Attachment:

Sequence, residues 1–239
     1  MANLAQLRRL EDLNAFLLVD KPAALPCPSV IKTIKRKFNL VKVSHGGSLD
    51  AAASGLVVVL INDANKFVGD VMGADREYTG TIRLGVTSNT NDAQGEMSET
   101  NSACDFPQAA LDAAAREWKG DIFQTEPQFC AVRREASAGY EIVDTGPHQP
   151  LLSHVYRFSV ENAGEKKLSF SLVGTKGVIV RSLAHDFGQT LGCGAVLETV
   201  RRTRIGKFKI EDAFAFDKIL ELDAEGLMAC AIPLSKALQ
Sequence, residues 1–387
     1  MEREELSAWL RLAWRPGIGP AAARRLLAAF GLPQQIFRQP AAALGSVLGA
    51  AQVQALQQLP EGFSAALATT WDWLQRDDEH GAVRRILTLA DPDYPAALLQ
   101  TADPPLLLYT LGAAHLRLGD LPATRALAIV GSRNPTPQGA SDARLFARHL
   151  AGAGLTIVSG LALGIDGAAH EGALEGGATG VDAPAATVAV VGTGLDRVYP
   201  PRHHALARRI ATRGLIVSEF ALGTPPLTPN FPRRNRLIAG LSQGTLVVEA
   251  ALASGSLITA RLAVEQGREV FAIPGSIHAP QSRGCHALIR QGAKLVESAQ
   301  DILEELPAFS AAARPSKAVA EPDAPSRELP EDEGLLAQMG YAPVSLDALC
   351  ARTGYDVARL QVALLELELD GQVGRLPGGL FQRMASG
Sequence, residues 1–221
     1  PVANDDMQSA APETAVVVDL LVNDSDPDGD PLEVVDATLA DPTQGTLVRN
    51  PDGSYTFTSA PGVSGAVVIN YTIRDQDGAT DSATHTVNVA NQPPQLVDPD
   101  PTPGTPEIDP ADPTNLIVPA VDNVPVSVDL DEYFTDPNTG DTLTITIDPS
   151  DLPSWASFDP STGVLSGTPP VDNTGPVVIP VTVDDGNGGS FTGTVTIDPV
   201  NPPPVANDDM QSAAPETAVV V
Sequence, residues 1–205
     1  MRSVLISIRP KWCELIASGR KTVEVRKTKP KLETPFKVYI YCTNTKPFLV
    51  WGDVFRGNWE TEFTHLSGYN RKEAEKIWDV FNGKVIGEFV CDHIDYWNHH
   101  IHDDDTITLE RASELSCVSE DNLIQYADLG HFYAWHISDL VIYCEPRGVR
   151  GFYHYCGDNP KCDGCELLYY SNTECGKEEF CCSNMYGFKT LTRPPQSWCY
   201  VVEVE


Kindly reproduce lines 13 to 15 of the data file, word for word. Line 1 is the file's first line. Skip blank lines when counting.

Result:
   251  ALASGSLITA RLAVEQGREV FAIPGSIHAP QSRGCHALIR QGAKLVESAQ
   301  DILEELPAFS AAARPSKAVA EPDAPSRELP EDEGLLAQMG YAPVSLDALC
   351  ARTGYDVARL QVALLELELD GQVGRLPGGL FQRMASG